Text me: How We Live in Language
Data-driven artwork for Text Me, Museum of Design Atlanta, 2017
A new original work was included in the exhibition Text Me: How We Live in Language, curated by Debbie Millman at the Museum of Design Atlanta. The exhibition, featuring seventy designers and artists “is an attempt to organize, express, translate and reflect both how we live in language and how language now defines our lives.”
“The individual component of language—text—is the prime vehicle used to express the experiences of our existence—from minor moments of daily life to the grand nature of the human condition. Our ancestors as far back as the cave man have been using symbols to document and record experiences.
I worked with notifications - tracking and visualizing how words displayed on our phones demand our attention and pace the rhythm of our days.
For one week, I tracked all the push notifications that popped up on my phone and visualized them. I tracked the type of notification—whether it was a text message, an email, a phone call, news, a work chat or another app—and I noted down how much time passed before I saw it after it arrived, and one or two meaningful words from the text: a way to humanize and contextualize my tracking.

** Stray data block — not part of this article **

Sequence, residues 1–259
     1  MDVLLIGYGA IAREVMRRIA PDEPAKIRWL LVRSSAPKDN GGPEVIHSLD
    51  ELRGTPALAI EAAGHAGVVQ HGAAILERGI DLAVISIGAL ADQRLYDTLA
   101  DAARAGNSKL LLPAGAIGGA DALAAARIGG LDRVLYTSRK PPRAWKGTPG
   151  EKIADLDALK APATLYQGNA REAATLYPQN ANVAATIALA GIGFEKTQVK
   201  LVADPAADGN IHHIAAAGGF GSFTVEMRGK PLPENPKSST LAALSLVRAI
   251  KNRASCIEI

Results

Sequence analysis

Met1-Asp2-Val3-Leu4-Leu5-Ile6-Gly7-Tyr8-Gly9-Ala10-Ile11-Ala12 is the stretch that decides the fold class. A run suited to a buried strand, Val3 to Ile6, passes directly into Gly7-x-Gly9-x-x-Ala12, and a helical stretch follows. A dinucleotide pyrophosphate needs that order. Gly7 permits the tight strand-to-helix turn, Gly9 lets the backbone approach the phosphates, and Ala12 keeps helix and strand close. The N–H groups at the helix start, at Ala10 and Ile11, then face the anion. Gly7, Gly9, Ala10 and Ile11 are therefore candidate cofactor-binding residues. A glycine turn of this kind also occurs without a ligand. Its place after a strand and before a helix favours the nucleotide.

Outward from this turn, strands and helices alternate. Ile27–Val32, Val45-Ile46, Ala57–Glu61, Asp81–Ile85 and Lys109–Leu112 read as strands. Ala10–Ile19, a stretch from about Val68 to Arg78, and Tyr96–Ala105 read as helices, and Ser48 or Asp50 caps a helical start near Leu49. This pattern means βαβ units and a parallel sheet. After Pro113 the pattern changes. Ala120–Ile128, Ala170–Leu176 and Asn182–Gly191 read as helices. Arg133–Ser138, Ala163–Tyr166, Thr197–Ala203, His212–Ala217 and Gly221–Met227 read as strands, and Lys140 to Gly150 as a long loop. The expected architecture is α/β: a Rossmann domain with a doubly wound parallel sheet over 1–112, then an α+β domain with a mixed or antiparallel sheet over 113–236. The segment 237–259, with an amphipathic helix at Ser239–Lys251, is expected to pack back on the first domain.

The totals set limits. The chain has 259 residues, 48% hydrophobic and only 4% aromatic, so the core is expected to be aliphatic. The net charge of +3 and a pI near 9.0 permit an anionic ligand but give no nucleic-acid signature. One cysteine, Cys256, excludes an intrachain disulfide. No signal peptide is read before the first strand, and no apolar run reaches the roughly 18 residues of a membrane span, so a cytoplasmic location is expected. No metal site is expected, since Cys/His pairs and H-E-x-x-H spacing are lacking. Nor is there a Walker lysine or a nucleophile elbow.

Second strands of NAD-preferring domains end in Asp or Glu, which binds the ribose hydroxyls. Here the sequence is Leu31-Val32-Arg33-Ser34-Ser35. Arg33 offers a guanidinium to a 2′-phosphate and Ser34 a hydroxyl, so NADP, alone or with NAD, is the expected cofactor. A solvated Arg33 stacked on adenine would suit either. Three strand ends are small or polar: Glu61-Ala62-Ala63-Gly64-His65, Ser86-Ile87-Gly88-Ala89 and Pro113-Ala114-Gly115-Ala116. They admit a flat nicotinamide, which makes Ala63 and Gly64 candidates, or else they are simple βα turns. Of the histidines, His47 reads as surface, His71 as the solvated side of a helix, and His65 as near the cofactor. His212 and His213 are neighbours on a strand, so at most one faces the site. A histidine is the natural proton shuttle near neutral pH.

As the description of the piece written by the curator reads: “Her artwork challenges viewers to confront the magnitude of their smartphone usage. Lupi tracks her phone’s notifications, mapping out when she saw them, sorting them by subject matter and type, and detailing what activity she interrupted in order to view them. Text in her piece functions as journal, and the information accounting reflects our individual priorities. The work is a stunning sobering reminder of just how much time and energy we devote to the glowing screens in our pockets."
Photos from the exhibition: